The problem with a Lean Startup: the Minimum Viable Product.

I’ve been struggling lately. I’ve discovered that others are struggling with the same problem too, so I needed to write about it, for me, and for those whom I’ve discussed this with.

I’ve been reading, discussing, and learning the Lean Startup Methodology for the last 3 years now. When most people hear the concept of Lean Startup, they think bootstrap startup, ya know lean on funding. While this isn’t always true it’s suprisingly still prevelant thinking. Perhaps Eric Ries should have done an MVP of the movement’s name and received some user feedback on it before writing the book.

The basics of the lean startup philosophy are to get user feedback, do user testing, and discover if people are willing to use (and pay for) the product you are creating both before and throughout the creation process. It’s called lean not due to lack of funding but due to efficiencies inherent in the process. It’ll cost well over $60,000 to build anything of value (app or physical product). Most often ideators (co-founders) will donate their time to the development which brings down the hard costs, but does not effect the cost of those hours given. Lean Startup philosophy asks: What if you found out that people didn’t want this product after only spending $500 versus spending $60,000 (in time and money). That’s where the lean (efficient) comes in. Lean Startup: Minimum Viable Product

So the theory of Minimum Viable Product (MVP) is born. We all understand what Product means, and Minimum makes sense: what is the bare essentials that you can get away with?

But Viable. That is the issue.

Eric Writes:

“The idea of minimum viable product is useful because you can basically say: our vision is to build a product that solves this core problem for customers and we think that for those who are early adopters for this kind of solution, they will be the most forgiving. And they will fill in their minds the features that aren’t quite there if we give them the core, tent-pole features that point the direction of where we’re trying to go. So, the minimum viable product is that product which has just those features (and no more) that allows you to ship a product that resonates with early adopters; some of whom will pay you money or give you feedback.” source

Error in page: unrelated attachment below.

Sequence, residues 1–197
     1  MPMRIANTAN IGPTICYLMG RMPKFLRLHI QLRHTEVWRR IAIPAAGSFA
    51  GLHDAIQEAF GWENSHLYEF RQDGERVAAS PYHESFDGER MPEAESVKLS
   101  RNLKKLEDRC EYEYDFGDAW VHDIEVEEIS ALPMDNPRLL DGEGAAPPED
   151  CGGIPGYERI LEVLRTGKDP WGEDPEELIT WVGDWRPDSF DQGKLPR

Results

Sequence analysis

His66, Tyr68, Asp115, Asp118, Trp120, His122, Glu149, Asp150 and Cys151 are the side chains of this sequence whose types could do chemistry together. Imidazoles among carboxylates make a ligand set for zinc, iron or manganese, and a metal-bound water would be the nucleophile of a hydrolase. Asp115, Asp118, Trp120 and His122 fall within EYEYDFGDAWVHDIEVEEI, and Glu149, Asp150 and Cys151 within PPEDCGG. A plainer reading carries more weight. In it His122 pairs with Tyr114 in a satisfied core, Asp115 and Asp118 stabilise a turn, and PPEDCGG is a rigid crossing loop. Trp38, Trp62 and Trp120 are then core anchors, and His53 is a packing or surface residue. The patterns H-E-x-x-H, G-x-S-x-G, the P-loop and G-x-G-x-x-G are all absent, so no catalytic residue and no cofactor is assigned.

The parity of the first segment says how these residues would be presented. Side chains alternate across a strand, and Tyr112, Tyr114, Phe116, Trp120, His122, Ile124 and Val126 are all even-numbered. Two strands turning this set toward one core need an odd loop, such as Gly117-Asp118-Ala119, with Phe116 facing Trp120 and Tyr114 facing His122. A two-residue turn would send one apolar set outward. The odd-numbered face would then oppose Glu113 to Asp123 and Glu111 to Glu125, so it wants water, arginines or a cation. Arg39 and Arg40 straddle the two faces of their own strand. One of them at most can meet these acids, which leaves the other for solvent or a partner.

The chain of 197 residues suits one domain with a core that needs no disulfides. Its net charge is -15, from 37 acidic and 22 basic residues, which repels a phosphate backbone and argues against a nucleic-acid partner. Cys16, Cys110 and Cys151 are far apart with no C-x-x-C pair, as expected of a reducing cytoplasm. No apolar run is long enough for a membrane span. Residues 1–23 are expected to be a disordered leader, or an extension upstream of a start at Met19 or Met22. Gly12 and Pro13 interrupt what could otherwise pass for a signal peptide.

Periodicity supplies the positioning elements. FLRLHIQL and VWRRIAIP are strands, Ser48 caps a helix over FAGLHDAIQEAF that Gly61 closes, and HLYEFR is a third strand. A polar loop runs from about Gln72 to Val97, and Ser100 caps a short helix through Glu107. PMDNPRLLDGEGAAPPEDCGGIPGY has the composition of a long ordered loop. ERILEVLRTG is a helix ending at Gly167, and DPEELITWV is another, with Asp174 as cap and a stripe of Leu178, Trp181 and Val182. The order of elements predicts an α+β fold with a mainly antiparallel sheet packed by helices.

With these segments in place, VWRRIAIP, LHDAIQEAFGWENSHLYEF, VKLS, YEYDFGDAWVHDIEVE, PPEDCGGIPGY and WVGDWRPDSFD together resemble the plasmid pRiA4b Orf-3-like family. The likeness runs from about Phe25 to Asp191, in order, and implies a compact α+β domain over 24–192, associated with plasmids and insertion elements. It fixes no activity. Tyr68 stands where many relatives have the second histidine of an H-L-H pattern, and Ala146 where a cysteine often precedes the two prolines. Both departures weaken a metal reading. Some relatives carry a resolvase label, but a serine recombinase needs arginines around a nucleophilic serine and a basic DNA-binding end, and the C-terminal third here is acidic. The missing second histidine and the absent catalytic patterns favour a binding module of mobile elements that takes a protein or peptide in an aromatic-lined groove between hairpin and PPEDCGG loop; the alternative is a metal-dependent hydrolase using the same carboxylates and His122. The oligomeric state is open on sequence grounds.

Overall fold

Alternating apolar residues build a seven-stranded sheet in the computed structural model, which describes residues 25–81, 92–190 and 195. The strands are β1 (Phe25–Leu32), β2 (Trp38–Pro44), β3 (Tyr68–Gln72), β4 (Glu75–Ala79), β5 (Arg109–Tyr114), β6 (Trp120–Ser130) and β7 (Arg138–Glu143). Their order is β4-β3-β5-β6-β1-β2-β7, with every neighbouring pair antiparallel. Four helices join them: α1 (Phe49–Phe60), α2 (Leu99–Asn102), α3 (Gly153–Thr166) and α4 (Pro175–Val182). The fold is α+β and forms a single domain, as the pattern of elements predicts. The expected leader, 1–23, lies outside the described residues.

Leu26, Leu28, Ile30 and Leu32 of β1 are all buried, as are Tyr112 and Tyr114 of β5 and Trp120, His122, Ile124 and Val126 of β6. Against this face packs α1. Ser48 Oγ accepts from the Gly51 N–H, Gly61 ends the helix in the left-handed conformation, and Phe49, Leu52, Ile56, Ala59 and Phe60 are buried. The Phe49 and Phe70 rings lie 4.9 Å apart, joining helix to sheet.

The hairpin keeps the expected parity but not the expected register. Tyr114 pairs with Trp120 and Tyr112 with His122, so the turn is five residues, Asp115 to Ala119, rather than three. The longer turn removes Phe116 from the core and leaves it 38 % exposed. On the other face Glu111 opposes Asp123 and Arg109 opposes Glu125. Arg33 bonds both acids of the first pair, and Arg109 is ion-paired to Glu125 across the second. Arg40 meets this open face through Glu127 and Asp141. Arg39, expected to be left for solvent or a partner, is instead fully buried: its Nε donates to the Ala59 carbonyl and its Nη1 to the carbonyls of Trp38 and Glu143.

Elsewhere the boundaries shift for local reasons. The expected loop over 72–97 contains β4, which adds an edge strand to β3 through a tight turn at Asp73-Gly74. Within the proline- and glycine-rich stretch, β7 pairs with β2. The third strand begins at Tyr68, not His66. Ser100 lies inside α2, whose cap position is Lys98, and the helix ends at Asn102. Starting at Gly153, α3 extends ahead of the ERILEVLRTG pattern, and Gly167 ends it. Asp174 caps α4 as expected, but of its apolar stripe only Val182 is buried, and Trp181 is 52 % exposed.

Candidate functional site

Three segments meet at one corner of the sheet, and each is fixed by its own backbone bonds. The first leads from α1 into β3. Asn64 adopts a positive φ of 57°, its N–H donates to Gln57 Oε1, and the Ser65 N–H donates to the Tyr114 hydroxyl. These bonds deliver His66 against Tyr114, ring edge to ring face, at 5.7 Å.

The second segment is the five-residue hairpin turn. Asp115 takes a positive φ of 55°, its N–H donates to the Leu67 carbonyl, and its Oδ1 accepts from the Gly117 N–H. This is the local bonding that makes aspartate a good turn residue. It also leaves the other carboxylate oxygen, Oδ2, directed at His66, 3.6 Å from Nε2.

How much do you need to solve of the core problem to be “viable”? For example to solve a dating issue by creating the next

  • Do you need profiles?
  • Do you need a matching algorithm?
  • Do you need a date idea generator?
  • Do you need user feedback/ratings/reviews?

At what point does this become Viable? When do you have the Core built to say yes our early adopters will forgive us and we can hold up a tent with these poles we have. Who is the judge of this?

The key with MVP is that you iterate and test. You need to get a feature out in the wild and find out: Do people want this? Does it solve an issue? Will they use this? Find out the answer and either fix/improve the feature or add on another feature that continues to solve the problem. Do this cycle a few times and perhaps then you have a viable product? How many cycles till it’s viable, and haven’t you already been launching MVPs, yet they’re not “Viable.”

When is an MVP Viable?

That is the question I have been struggling with on ThingShare all summer. We built an MVP to test if people would want to use it, if they’d like it. Yes we invested more than $500 in both time and hard costs, so perhaps we went to market with more than a minimum viable product, but I’d argue that we went to market with smoke and mirrors.

I’ve been waiting to write this post until we had two more features implimented (just last week) because as Joe (my co-founder) and I often discussed there’s a cliff in the process inside ThingShare and we’re pushing our users off this cliff. “Oh you didn’t have your own parachute?… Sorry.”